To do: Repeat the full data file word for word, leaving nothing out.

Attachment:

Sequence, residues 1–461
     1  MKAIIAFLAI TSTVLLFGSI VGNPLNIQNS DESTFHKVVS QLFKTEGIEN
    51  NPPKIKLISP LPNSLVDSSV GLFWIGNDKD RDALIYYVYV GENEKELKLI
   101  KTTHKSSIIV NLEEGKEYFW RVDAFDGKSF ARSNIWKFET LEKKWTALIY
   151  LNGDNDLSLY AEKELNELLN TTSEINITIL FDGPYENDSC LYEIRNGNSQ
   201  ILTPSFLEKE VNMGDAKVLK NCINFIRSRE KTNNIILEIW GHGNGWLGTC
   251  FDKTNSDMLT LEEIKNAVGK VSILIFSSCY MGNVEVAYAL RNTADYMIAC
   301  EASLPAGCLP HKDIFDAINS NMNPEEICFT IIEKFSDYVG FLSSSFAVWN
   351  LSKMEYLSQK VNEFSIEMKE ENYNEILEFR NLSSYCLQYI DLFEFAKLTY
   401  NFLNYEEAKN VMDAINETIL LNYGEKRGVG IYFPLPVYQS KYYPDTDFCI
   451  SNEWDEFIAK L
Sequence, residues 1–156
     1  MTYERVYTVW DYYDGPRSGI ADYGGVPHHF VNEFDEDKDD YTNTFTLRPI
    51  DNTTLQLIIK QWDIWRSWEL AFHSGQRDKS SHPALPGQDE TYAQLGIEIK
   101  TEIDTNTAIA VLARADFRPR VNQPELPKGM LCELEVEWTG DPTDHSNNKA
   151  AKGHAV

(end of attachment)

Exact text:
Sequence, residues 1–461
     1  MKAIIAFLAI TSTVLLFGSI VGNPLNIQNS DESTFHKVVS QLFKTEGIEN
    51  NPPKIKLISP LPNSLVDSSV GLFWIGNDKD RDALIYYVYV GENEKELKLI
   101  KTTHKSSIIV NLEEGKEYFW RVDAFDGKSF ARSNIWKFET LEKKWTALIY
   151  LNGDNDLSLY AEKELNELLN TTSEINITIL FDGPYENDSC LYEIRNGNSQ
   201  ILTPSFLEKE VNMGDAKVLK NCINFIRSRE KTNNIILEIW GHGNGWLGTC
   251  FDKTNSDMLT LEEIKNAVGK VSILIFSSCY MGNVEVAYAL RNTADYMIAC
   301  EASLPAGCLP HKDIFDAINS NMNPEEICFT IIEKFSDYVG FLSSSFAVWN
   351  LSKMEYLSQK VNEFSIEMKE ENYNEILEFR NLSSYCLQYI DLFEFAKLTY
   401  NFLNYEEAKN VMDAINETIL LNYGEKRGVG IYFPLPVYQS KYYPDTDFCI
   451  SNEWDEFIAK L
Sequence, residues 1–156
     1  MTYERVYTVW DYYDGPRSGI ADYGGVPHHF VNEFDEDKDD YTNTFTLRPI
    51  DNTTLQLIIK QWDIWRSWEL AFHSGQRDKS SHPALPGQDE TYAQLGIEIK
   101  TEIDTNTAIA VLARADFRPR VNQPELPKGM LCELEVEWTG DPTDHSNNKA
   151  AKGHAV